One of the most difficult aspects of walking eight hours a day is simply the enormity of time allowed inside your own head. On our walk across the country, my love and I would occasionally listen to podcasts or albums, but the vast majority of the time wasn’t spent in conversation or audio distractions but rather in the comfort (and chaos) of our own minds.

I spent hundreds and hundreds of hours thinking about my past life, the possibilities of my future life, and the realities of my present life. I thought about the state of society and politics in the U.S., from the genocide of indigenous peoples to the present-day plutocracy. I thought about capitalism, Marxism, poetry, and the climate. I thought about what it would be like to suddenly wake up one morning as a woman or to live a whole life as a black man. I wondered what it would be like as a straight white man, as a brown lesbian, as a black transgender person — in the years 2015, 1915, 1915 BCE, or 21,115. I daydreamed about those ancient wolves that befriended human tribes for a chance at a tossed bone and, thousands of years later, those wildcats that caught vermin in our bursting granaries. I thought about fathers and sons on motorcycles, poets on whaling ships and steamboats, Okies in jalopies, and all the other millions of travelers and migrants who trod the earth before me. I thought about love and I thought about despair. About brilliance and stupidity. Poverty and greed. Laughter and disdain. Vegetables, meat, marriage, mountains.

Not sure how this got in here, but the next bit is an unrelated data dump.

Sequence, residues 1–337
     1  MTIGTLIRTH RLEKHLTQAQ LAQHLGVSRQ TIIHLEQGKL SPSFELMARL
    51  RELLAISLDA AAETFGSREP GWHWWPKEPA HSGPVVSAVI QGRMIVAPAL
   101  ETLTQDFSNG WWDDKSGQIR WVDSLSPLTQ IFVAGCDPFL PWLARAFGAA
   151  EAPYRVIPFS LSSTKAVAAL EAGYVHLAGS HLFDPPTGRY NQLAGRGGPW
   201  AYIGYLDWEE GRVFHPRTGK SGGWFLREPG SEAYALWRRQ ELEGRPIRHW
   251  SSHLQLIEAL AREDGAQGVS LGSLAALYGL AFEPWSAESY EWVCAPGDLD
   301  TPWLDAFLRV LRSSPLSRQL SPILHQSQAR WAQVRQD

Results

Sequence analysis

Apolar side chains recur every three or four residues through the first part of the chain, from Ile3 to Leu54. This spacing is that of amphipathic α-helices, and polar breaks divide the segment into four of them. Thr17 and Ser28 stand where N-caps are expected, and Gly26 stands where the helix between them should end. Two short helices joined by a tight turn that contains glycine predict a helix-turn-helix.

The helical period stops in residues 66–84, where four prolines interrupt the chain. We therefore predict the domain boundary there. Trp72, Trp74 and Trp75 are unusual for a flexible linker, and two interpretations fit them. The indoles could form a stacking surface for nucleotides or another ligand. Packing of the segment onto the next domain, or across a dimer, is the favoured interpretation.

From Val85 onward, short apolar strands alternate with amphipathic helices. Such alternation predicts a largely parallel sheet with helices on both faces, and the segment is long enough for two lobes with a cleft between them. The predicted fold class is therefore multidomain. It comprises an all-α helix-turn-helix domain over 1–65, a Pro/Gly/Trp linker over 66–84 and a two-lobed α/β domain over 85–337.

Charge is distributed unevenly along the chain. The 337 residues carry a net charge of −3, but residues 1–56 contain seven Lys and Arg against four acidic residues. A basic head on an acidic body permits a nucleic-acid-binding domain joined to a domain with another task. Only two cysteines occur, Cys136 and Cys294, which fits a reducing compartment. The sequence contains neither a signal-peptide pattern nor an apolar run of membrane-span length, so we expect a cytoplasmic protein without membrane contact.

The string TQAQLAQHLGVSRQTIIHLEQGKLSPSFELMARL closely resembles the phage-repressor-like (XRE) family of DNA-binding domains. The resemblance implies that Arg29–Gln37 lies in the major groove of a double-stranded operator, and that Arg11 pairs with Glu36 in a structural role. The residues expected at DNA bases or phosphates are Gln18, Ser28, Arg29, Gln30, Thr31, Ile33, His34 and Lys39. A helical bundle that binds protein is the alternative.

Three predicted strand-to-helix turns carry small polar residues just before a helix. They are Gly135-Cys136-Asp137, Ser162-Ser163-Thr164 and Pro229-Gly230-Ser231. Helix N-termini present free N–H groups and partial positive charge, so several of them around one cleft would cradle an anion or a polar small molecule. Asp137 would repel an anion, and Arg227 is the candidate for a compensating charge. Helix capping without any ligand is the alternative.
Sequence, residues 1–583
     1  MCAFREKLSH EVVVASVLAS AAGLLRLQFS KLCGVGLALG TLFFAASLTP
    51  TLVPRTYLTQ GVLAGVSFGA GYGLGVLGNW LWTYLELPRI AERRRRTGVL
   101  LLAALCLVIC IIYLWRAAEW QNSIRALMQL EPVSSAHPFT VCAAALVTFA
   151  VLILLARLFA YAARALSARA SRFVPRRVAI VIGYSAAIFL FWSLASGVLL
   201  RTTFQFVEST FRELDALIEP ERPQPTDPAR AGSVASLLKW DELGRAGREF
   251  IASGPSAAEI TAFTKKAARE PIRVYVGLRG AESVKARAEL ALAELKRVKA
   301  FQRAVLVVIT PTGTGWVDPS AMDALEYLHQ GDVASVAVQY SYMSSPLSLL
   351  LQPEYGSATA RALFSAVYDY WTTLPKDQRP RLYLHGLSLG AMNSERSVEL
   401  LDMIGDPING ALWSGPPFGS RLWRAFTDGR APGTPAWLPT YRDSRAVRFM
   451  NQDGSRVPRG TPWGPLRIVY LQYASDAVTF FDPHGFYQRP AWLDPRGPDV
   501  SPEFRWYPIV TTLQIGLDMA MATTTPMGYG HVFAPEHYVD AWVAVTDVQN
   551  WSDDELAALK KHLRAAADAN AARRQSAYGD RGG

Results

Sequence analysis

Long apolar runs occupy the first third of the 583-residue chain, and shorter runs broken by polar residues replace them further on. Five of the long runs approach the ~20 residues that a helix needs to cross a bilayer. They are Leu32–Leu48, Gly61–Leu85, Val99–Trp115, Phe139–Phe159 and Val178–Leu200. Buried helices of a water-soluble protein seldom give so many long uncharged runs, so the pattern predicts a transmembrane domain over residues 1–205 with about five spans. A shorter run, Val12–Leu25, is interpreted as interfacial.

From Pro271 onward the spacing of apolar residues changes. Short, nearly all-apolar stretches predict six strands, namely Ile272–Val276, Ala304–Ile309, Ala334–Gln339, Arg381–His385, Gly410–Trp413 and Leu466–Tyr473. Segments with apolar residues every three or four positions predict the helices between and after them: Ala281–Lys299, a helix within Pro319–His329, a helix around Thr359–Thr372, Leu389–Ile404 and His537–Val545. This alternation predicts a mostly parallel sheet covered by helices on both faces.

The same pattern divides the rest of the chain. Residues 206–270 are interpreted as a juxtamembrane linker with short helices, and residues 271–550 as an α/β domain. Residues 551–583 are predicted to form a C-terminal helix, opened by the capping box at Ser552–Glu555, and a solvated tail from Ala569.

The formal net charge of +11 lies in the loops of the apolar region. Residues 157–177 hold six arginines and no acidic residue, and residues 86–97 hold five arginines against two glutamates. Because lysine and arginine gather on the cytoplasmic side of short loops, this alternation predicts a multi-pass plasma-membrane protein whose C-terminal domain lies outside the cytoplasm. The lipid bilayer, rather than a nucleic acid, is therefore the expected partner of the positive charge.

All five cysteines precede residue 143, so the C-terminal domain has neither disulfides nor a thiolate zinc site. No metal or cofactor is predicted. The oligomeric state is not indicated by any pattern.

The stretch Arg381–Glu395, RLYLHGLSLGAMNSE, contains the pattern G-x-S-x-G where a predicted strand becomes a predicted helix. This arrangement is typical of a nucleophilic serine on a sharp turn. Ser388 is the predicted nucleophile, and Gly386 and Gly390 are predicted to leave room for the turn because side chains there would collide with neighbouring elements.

I often thought about people, those who I had left at home and those who I met along the walk. And I couldn’t help but repeatedly arrive at the same conclusion (often heard in the voice of a Couchsurfing host named Jacob, who had put us up on his farm in New Jersey):

“People are good.”

And yet, here at home, surrounded by gangs of friends and family I consider the most loving, peaceful people on the planet, that sentiment isn’t always top of mind. All too often, I hear disgust in people’s voices or disdain in their comments online. I hear these negative ions buzzing in my own head and spilling out of my own mouth.

It’s a political year, so that might have something to do with it. Once again, millions of us have been hypnotized by a sickening presidential race in which both candidates hail from the wealthy ruling class and have absolutely nothing to do with normal human beings like you and me. And yet we listen to them — and their corporate-owned talking heads in between blaring advertisements— and we convince ourselves we have to choose one or the other. After making our decision, we develop and nurture enmity against entire communities of people we’ve never met because they chose the other — and in the process we’ve improved nothing.

But if someone casts a vote for a scumbag, does that make them a scumbag? Does it make them an idiot? Does it mean we would be better off without them?

I don’t think so. Intuitively, I believe those people we so easily disparage have far more in common with us than not. Actually, it’s a scientific fact. We want to drink clean water. We want to eat good food. We want to live with our loved ones comfortably and free from anxiety.